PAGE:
79 25. Our colleges inevitably graduate a number of such life forms, but it cannot be said that they went to college; rather the college went through them — without making contact. Paraphrase A number of such push-button savages get college degrees. We cannot help that. But even with their degrees, we can ’ t say that these people have received a proper college education. It is more accurate to say that they come through college without learning anything. Note life forms: used sarcastically, meaning these people are living creatures, but can ’ t think and reason. go through (a person) (like a dose of salts): (of food, etc.) to be quickly excreted / to pass through the body as waste matter without being digested; here, used figuratively and sarcastically

80 26. No one gets to be a human being unaided. Paraphrase No one can grow up to be a civilized person without the help of others. Note get to be / to do sth: to reach the point at which you are, feel, know, etc. sth. Once you get to know her better, you ’ ll realize she is compassionate at heart. His absent-mindedness is getting to be a big problem.

81 27.There is not time enough in a single lifetime to invent for oneself everything one needs to know in order to be a civilized human. Paraphrase To become a civilized person, you need to acquire the knowledge and develop the culture a civilized society needs. One lifetime is too short to create an environment for him to become civilized. Note a single lifetime: the time during which a person is alive. a civilized human: a person who is pleasant, charming and without roughness of manner 有素养的 人

82 SB P3

83 Writing Technique Style As it is originally a talk, the writer adopts a basically colloquial and familiar style. As you read, the feel as if the professor is talking to you face to face. To recreate the scene of his encounter with the tall boy in his office, he uses the direct speech. This way, the reader can imagine the ignorance of the student. The sentence structure is generally not very complicated. But there are a few long and involved sentences in the second part of the text, for example, the last sentence in Para. 12. And the last paragraph consists of two very long ones. The tone in the first part is humorous and mildly sarcastic. The pharmacy major is referred to as “ a beanpole with hair on top ”, “ this specimen ” and “ this particular pest ”.

84 Style of Public Speech 1. Paralinguistic features 1) Degree of formality: higher than casual speech and unscripted commentary. 2) Degree of publicity: higher than casual speech, close to unscripted commentary. 3) Preparedness 4) Channel limitation Writing Technique

85 2. Linguistic features 1) Syntax A: Sentence structure B: Verb phrases C: Noun phrases D: Sentence type

86 2) Lexis A: Use of big words and multi-morpheme words. B: Use of uncommon words. In the first speech there are altogether 22 words that are not recorded in “ A General Service List ”, amounting to 13.6% of the total. (p. 236) C: Nominalization: Substitution of noun phrases for verbs or other kinds of phrases. Example: On my induction into the presidency. D: Use of abstract words. (p. 237) E: Use of inclusive we. 3) Rhetorical devices

87 Writing Technique Euphemism 委婉语 jump the fence go to the electric chair Euphemism, or “ language pollution ”, or “ double speak, ” as some call it, is often intended to obscure or hide the real situation. pass awayrest in peace go to the bathroomladies ’ room senior citizensanitary engineer correction centerdomestic help meat technologistsubstandard housing He is a bit slow for his age.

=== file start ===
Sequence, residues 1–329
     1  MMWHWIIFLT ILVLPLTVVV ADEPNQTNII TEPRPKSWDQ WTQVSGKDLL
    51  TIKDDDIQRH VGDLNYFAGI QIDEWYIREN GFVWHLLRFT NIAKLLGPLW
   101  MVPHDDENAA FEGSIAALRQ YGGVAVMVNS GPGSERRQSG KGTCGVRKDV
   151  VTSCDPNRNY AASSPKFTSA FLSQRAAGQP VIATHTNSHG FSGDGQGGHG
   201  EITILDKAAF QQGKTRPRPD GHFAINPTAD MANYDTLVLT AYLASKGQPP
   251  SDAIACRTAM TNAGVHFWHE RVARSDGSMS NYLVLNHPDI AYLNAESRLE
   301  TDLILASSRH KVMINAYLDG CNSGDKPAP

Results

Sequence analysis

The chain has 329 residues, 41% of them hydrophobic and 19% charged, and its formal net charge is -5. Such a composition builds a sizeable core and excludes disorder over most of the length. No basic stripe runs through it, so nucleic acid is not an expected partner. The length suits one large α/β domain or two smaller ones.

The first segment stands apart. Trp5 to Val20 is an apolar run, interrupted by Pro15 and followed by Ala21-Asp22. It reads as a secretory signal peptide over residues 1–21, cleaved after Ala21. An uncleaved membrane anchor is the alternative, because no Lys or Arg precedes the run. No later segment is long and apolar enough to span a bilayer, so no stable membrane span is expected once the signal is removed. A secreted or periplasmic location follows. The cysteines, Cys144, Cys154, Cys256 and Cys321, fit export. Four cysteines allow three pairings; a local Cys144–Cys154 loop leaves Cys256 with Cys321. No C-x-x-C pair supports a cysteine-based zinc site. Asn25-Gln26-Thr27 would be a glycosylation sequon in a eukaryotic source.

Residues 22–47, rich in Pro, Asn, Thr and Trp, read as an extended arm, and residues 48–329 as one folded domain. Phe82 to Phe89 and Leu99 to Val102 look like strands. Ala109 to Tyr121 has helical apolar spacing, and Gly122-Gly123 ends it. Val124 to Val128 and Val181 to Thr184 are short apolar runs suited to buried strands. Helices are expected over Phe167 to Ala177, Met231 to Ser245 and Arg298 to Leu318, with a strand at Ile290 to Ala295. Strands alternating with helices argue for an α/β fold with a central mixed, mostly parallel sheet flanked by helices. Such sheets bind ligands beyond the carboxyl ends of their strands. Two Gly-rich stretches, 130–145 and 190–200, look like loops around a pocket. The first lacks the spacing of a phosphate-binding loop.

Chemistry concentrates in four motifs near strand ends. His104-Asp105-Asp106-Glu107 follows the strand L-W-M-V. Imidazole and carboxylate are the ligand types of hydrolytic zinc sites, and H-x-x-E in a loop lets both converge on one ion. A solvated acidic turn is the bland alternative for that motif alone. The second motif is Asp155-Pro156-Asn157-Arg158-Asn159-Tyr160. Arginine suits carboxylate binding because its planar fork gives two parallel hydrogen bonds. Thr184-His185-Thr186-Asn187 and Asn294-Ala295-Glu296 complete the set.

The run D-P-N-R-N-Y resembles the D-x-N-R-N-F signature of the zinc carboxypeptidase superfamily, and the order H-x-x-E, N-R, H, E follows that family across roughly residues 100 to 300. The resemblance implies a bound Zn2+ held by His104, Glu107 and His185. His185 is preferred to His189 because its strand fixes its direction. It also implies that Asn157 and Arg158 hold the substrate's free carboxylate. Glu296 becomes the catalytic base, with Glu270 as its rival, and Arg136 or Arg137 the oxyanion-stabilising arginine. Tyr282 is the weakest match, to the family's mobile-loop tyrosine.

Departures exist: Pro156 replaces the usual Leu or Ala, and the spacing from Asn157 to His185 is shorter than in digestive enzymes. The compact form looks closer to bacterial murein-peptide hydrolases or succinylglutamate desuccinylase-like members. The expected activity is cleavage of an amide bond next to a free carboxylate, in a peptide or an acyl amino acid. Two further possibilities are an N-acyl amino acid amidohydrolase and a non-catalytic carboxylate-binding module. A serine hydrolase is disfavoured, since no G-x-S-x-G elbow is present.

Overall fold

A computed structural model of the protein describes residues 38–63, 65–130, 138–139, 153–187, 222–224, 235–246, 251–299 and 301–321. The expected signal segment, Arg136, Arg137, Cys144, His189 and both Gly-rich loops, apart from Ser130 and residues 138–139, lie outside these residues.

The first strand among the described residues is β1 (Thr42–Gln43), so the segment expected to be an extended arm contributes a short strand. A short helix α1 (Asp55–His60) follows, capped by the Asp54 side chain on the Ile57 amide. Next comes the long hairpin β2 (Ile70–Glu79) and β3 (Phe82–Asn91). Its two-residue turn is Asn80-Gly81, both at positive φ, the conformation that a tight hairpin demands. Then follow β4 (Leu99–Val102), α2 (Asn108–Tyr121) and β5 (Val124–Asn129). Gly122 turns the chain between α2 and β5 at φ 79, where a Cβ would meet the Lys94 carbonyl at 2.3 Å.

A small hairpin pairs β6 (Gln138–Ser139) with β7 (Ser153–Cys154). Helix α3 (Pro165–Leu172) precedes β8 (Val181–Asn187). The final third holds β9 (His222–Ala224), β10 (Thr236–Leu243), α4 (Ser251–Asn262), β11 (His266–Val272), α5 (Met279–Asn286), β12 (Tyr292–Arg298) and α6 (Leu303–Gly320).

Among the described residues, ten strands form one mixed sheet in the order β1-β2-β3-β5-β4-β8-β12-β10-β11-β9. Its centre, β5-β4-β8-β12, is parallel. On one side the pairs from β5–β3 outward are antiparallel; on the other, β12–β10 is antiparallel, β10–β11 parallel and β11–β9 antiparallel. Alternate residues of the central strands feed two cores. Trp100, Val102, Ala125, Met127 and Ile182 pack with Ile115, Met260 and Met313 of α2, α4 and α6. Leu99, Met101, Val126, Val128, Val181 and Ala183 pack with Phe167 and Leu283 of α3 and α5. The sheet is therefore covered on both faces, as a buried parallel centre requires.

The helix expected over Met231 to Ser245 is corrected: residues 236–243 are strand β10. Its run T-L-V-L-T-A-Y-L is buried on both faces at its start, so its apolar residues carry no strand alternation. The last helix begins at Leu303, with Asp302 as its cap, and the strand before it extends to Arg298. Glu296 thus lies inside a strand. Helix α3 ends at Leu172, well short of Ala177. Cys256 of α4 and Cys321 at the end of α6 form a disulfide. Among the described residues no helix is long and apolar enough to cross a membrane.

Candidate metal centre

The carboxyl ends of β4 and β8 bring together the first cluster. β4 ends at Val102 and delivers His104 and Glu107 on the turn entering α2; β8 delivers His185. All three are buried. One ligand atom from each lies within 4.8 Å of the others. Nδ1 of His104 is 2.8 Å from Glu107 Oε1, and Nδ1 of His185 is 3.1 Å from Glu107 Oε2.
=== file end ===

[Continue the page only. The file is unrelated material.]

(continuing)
88 Value of College Education A girl is going to give up her chance of receiving college education in order to pursue her dream of becoming a performer. Her father is worried about her and posted a message on the internet, expecting advice from other internet surfers. Further discussion

89 寄件者: Steve Vaughn ( Steve 主旨: Value of college education View this article only View this article only 网上论坛: 日期: 1996/07/09 I hope I am posting my question to an appropriate newsgroup. I apologize if not. My daughter is entering her senior year in high school and plans to pursue a career in theatre. She has wanted to be a performer since she was very little and is a hard working, focused person. She has received training in dance, voice, and acting both in and outside of high school. She recently informed us that a college education (degree) may not be of that much value to her career, except for the networking benefits from attending one of the top flight theatre programs. I believe her current voice and acting teacher has planted this seed. I would be very appreciative of the opinions of anyone in professional theatre regarding the importance of a college education degree for someone planning to work in this business. Her mother nor I have any experience in this field. Thanks for your help.

90 The following letter is from one of the internet surfers who are interested in this topic.

91 寄件者: Mary Beth ( Mary 主旨: Re: Value of college education View this article only View this article only 网上论坛: 日期: 1996/07/10 While a degree won't help your daughter get an acting job (in that educational credentials aren't necessary, talent is), I firmly believe in the value of an education. Her schooling should help her to hone her craft, and therefore will be a plus if she is truly looking to pursue theatre as a career. Additionally, if she is a vocalist, the training she should get will be invaluable. I would suggest she look into colleges and universities with reputations for good theatre and/or music programs. Good luck to her!

92 Suppose you are also one of the interested internet surfers, what will you say to the father of the girl in your letter of reply?

93 Thank you for your patience!